The controversial Lord Nelson statue, which is based in Heroes Square, was sprayed with yellow paint and other graffiti.
THE person responsible for spraying the controversial statue of British admiral Lord Horatio Nelson with yellow paint and other graffiti should be punished for defacing public property.
As Police investigate the circumstances surrounding the defaced statue which is based in Heroes Square, Minister of Culture Stephen Lashley is saying that the statue is public property and it should not have been touched.
Though he had not yet seen the defaced statue at the time, Minister Lashley issued a media statement yesterday afternoon. He condemned the act of defacing any public monument in Barbados, including the statue of Lord Nelson.
Acknowledging that for many years there has been a public debate regarding the removal of the statue, which was erected in 1813, from where it currently stands, Lashley said he is of the view that the country must someday come together to resolve the issue.
However, the Minister equally believes that anyone who defaces or causes any damage to public monuments should feel the full brunt of the law.
“I equally believe that anyone who takes it on themselves to deface or to do any damage to public monuments should equally be dealt firmly in accordance with the law,” Minister Lashley said.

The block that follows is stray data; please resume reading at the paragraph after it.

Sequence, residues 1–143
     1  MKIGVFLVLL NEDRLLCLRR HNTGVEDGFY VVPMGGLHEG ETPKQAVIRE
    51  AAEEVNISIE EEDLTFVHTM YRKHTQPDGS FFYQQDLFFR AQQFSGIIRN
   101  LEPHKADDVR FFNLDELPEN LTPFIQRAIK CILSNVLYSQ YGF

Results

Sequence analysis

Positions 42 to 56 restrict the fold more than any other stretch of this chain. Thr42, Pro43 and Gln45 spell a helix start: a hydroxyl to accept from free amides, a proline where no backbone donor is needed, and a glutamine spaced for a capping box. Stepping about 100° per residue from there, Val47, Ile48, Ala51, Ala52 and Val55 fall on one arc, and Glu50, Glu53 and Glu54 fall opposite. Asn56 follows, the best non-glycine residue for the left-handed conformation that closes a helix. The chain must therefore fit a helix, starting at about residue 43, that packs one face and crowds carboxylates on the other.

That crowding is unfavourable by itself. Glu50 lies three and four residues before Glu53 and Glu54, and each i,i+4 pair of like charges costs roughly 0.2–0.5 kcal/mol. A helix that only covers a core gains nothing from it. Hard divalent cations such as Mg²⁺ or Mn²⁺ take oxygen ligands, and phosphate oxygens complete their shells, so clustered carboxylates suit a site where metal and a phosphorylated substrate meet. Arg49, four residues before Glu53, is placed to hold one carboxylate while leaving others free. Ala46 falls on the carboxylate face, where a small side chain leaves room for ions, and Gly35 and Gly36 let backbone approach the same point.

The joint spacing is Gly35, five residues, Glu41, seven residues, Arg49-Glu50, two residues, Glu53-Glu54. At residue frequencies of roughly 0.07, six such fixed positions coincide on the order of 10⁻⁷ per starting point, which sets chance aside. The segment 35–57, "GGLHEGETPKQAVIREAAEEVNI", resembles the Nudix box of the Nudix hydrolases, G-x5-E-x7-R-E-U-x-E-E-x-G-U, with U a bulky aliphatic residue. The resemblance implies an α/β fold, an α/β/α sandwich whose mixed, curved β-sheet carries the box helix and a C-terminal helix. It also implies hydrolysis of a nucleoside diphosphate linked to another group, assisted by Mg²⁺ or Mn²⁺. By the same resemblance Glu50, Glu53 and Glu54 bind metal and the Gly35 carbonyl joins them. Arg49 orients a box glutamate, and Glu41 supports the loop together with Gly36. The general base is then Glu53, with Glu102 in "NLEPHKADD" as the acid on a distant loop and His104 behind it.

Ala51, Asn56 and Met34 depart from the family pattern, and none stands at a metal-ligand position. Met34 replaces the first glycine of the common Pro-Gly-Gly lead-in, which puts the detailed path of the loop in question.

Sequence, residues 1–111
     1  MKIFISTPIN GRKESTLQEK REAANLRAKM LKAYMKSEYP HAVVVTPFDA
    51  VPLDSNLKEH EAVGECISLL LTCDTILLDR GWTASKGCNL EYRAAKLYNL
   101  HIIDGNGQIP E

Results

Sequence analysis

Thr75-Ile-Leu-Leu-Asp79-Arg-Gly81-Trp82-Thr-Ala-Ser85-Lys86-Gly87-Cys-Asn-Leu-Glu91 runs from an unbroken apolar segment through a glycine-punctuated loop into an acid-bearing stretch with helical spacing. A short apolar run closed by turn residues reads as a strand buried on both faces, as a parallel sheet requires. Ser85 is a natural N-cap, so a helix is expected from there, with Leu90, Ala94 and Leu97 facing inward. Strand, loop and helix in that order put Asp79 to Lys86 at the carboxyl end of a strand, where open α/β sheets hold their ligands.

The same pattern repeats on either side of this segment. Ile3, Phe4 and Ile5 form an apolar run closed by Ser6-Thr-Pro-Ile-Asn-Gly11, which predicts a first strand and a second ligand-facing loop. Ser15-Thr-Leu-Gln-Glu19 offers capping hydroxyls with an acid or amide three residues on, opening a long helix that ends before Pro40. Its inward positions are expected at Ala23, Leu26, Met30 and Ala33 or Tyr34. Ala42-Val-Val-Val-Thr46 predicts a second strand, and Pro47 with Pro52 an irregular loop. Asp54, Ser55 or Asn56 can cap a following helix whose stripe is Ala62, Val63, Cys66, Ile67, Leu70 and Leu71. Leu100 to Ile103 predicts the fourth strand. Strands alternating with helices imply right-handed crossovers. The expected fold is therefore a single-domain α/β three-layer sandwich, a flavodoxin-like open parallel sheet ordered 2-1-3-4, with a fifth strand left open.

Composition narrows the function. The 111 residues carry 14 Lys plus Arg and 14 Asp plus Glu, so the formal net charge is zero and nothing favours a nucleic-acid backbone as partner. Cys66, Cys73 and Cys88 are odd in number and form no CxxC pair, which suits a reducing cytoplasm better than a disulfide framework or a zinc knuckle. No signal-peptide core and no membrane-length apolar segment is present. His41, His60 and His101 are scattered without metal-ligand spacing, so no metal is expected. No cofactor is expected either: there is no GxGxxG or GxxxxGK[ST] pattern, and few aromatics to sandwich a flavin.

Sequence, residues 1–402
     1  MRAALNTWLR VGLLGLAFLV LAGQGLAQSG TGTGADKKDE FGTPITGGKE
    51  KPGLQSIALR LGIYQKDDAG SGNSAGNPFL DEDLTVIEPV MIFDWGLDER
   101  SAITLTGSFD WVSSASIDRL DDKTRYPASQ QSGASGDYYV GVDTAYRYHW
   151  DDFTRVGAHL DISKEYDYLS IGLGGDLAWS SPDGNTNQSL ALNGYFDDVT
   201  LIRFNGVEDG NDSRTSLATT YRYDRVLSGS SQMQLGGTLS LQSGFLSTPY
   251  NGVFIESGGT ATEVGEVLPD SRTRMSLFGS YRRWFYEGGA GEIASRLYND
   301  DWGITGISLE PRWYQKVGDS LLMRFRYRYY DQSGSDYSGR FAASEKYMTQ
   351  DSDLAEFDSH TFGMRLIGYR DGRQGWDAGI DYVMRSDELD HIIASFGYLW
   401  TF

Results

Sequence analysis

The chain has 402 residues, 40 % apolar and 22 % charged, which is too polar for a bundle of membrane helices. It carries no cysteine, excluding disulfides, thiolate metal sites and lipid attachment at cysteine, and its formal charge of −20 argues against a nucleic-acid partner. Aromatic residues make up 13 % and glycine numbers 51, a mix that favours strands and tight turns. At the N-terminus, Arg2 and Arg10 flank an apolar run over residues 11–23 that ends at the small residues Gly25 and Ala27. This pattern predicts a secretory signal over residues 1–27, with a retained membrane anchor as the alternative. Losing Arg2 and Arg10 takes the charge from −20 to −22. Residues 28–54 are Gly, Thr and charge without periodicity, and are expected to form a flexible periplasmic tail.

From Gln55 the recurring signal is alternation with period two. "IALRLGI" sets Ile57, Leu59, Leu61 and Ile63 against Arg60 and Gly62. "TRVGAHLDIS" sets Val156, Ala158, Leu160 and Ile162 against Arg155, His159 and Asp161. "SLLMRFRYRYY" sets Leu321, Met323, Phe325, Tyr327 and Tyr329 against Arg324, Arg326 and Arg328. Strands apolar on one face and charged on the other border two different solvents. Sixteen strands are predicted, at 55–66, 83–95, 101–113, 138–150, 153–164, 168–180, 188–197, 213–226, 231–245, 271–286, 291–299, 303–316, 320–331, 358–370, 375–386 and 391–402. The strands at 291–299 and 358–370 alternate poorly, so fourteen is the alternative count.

Yesterday morning, those who made their way into The City were surprised to see the statue spray-painted. In fact, not only were pictures of the alterations to the statue making rounds on various social media platforms, but people were also engaging in conversations regarding the removal of the statue on various mediums.
A message headlined “Nelson Will Fall” was also left in front of the statue.
“This racist, white supremist, who would rather die than see black people free, stands proudly in our nation’s capital. Nelson must go!! Fear not Barbados. The people have spoken. Politicians have failed us! Happy Independence,” the message written on a blue placard read.
For several years, prominent historians and other interested Barbadians have called for the statue to be removed from the centre of the island, explaining that it is a reminder of African enslavement. (AH)